The Glacier Rim fire near Glacier National Park held steady at 85 acres Wednesday, while a larger fire located in eastern Idaho grew to 300 acres, threatening 50 homes.
Several fires sparked by Monday night’s lightning storms have come to life across the region, including three on the Lolo National Forest and nine on the Bitterroot National Forest.
Two of the starts on the Bitterroot Forest were reported Wednesday, but crews contained both incidents.
“Firefighters have responded to and extinguished 11 wildfires this summer on the Bitterroot,” said spokeswoman Joni Lubke. “All of the fires were kept under two acres in size.”
More than 170 lightning strikes were recorded on the Bitterroot Forest during the Monday storm, which followed a prolonged period of hot, dry weather.
The fire danger remains “very high” on the Bitterroot and additional starts are possible from this week’s storm. Temperatures of 101 degrees are forecast for Friday.
“We continue to have record-high indices for this time of year,” Lubke said. “On an average year, we wouldn’t see these dry conditions until early August.”
Those hot conditions helped the human-caused Glacier Rim fire take root last Saturday on the Glacier View Ranger District of the Flathead National Forest.
While the fire is located west of North Fork Road, officials said spotting has crossed east into Glacier National Park. Those spot fires have been fully extinguished.
The fire continues to burn within the perimeter, although a small area on its northern edge is not contained due to steep terrain and heavy timber.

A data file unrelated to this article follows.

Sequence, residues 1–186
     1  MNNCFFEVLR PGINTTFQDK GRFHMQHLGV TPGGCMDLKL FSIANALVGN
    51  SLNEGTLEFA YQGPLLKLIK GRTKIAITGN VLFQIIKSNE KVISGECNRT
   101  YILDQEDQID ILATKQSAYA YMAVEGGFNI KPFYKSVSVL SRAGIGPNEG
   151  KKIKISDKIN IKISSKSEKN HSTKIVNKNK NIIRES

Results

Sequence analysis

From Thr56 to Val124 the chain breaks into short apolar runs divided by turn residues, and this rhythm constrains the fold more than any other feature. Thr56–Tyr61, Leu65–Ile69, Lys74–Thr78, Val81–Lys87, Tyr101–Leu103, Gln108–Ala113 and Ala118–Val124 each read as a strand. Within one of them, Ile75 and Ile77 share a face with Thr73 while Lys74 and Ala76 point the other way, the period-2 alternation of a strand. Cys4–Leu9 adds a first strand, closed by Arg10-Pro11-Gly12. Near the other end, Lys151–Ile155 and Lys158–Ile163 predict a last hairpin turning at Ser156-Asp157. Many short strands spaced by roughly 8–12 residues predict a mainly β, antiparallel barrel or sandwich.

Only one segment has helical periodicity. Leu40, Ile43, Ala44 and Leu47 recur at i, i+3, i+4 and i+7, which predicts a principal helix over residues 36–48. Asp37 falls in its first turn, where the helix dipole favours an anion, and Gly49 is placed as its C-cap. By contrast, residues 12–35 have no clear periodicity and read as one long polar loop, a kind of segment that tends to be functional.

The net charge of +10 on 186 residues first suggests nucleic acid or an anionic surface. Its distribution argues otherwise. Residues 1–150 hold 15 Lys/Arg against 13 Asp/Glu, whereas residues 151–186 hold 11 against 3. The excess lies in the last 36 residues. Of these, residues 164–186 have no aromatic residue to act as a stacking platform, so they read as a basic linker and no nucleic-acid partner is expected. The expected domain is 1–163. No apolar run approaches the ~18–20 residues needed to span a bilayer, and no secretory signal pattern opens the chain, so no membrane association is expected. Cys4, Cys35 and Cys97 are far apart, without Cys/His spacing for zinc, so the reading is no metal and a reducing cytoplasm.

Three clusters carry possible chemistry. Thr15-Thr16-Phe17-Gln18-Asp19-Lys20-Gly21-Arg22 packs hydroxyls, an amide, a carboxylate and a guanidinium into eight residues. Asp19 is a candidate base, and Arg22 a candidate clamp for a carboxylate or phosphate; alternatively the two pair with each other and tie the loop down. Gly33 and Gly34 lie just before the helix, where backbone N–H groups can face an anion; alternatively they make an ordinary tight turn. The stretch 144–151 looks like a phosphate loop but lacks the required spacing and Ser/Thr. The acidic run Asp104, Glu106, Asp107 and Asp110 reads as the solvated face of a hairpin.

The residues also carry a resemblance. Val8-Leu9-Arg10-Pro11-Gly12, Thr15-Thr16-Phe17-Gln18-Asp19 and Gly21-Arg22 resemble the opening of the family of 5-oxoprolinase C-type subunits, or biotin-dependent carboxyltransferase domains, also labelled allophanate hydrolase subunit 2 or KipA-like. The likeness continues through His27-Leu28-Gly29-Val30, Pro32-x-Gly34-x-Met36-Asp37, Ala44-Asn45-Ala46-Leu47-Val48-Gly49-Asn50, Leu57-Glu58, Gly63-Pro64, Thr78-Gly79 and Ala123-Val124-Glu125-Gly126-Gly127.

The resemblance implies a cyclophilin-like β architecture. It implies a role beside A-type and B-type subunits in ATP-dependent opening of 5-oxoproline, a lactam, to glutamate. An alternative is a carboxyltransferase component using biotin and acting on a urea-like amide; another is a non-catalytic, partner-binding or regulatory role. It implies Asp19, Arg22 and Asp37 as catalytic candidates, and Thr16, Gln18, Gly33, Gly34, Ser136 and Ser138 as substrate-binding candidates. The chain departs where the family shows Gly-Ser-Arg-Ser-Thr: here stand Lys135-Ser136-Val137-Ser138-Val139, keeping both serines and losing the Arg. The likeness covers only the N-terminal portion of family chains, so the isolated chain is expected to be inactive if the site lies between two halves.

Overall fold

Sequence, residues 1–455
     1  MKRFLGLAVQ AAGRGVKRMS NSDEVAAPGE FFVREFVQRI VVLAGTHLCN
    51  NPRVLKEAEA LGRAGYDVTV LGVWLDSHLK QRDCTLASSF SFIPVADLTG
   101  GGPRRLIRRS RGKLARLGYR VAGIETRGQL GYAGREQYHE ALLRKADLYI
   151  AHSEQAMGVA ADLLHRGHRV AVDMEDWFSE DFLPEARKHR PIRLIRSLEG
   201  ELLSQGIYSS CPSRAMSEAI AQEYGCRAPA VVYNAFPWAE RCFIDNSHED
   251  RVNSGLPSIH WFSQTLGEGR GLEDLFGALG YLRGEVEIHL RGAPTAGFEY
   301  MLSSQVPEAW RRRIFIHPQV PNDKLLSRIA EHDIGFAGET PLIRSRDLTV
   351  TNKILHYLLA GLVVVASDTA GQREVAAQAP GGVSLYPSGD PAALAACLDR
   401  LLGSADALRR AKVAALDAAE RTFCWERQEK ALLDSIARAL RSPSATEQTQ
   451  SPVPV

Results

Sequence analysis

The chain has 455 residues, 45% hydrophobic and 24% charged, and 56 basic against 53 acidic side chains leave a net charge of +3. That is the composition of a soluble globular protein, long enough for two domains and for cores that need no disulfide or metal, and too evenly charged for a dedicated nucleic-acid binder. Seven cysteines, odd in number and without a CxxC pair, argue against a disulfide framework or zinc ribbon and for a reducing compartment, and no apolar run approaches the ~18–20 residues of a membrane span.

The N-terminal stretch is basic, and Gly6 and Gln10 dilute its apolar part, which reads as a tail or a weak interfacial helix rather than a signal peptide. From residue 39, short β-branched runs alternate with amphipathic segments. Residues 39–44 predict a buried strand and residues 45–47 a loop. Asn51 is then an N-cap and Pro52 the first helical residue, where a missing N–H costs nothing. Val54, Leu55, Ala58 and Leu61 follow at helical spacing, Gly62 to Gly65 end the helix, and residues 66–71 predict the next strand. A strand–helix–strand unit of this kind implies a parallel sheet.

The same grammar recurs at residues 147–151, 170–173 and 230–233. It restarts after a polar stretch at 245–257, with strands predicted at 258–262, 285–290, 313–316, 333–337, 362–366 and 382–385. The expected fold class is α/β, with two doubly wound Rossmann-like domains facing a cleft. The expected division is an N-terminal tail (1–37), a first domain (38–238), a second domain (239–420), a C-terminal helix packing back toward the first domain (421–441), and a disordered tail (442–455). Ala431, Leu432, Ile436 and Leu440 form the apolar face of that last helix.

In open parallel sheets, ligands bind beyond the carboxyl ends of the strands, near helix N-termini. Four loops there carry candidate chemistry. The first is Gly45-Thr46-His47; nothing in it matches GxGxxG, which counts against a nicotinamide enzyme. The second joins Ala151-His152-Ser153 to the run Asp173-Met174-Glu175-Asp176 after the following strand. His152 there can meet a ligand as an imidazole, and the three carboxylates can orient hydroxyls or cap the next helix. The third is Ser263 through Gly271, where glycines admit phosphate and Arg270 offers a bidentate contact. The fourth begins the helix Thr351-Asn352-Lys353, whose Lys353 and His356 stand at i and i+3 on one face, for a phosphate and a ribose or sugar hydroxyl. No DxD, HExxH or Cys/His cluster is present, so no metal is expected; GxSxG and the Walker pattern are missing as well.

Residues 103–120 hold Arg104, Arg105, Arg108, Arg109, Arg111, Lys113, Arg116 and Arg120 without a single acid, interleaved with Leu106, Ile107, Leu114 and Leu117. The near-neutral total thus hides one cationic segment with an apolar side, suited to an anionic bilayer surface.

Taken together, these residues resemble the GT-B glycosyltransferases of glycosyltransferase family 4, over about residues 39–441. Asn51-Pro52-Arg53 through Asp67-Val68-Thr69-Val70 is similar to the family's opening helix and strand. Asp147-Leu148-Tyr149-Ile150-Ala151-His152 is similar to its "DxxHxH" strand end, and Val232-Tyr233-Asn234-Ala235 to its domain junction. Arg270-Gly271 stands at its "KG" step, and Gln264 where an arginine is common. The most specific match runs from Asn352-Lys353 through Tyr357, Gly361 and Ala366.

Two residences near the fire voluntarily evacuated.
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The Blue fire on the Red River Ranger District of the Nez Perce-Clearwater National Forest was also sparked by recent lightning and is now the region’s largest active fire.
More than 255 personnel were assigned to the blaze Wednesday and an alert notice was issued for residents in nearby Dixie.
“As long as the wind doesn’t increase, there shouldn’t be much new growth with the fire,” said public information officer Shoshana Cooper. “It’s not spreading in any particular direction. It’s creeping.”
Cooper said four crews have now established a spike camp and were attempting to access the fire in downed and heavy timber to establish a flank. A stage 1 ready protection alert has been issued to nearby residents and a public meeting was held in Dixie on Tuesday night.
“The notice just lets them know there’s fire in the area,” Cooper said. “The next stage means they should prepare to evacuate if needed.”
Cooper said there was no current estimation on containment.
Boyd Hartwig, spokesman for the Lolo National Forest, said crews responded to three fires Tuesday and Wednesday, all of which were contained at less than half an acre. Two of those incidents were reported on the Missoula Ranger District and one on the Superior Ranger District.
A small fire was also reported near Bearmouth at Tyler Creek on Wednesday. Jordan Koppen, fire information officer for the Montana Department of Natural Resources and Conservation, confirmed the incident, calling it a “small start.”